Adding to Mathon’s skepticism is the fact that the Vermont Department of Public Safety has granted conditional approval to two planned dispensaries in Burlington and Waterbury, according to a Sept. 12 report from The Associated Press.

Boulanger played the devil’s advocate, offering the hypothetical scenario that future state marijuana laws might become more lenient.

“What if the legislature comes back in a year or two and expands this, and says that now there can be more than four clinics in the state?” Boulanger posed.

Williston Director of Planning and Zoning Ken Belliveau said that if the town decides to assert its jurisdiction on marijuana dispensaries, it will likely require the input of the Development Review Board.

“It seems to me that if the town takes a stance on the issue, what it means is that somebody would have to come in and get a permit from the town before they could really do anything, especially if you said you had to get a discretionary permit, which would mean it would have to go to the DRB and would need a public hearing,” Belliveau said.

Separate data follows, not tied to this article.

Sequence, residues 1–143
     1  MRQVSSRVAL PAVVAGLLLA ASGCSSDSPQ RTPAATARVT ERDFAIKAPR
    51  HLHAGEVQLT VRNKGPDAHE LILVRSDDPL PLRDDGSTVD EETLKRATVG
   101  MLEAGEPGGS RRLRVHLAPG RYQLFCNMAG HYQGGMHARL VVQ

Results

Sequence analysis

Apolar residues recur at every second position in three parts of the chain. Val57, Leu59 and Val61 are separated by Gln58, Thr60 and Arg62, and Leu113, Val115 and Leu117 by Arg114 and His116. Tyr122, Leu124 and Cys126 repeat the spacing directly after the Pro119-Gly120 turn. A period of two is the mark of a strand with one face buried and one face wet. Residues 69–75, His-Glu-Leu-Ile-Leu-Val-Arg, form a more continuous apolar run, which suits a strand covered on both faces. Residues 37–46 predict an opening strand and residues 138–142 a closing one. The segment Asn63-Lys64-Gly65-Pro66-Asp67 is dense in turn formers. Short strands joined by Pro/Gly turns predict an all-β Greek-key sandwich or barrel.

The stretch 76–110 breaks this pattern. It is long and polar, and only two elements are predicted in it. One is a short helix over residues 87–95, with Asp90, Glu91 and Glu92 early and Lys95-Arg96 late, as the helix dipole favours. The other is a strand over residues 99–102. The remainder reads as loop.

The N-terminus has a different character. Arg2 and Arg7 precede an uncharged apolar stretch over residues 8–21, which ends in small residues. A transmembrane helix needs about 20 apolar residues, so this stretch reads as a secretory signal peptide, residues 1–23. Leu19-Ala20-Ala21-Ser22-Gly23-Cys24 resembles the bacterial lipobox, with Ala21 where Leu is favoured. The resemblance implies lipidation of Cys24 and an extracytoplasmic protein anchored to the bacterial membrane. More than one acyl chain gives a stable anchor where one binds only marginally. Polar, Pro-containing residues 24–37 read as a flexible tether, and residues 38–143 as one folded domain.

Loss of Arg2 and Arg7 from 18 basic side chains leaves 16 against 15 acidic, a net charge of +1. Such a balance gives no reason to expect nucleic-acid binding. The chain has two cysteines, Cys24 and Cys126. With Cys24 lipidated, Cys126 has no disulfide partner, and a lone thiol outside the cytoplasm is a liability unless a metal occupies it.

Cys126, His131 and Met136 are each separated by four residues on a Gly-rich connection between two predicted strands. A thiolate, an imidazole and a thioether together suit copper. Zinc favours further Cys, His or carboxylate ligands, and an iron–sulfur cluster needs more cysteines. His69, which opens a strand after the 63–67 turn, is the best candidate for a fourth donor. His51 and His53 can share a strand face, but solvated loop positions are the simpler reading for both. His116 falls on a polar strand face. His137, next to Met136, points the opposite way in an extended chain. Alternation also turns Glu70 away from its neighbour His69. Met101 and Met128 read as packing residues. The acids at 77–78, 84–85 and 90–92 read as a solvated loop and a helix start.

Cope expressed an indication of interest for that course of action.

“I like the discretionary permit piece, because it opens it up to a debate,” Cope said. “Essentially, if there’s a public hearing required, it’s very transparent.”

However, because of the absence of a quorum, no action could be taken on the matter.

The Planning Commission, a seven-member body under town charter, currently has five active members. Joel Klein, who recently submitted his formal resignation, hadn’t attended a meeting in more than seven months.

Belliveau made an open appeal for membership, suggesting that the Planning Commission, which requires four affirmative votes to approve a motion, is a less efficient body with only five members.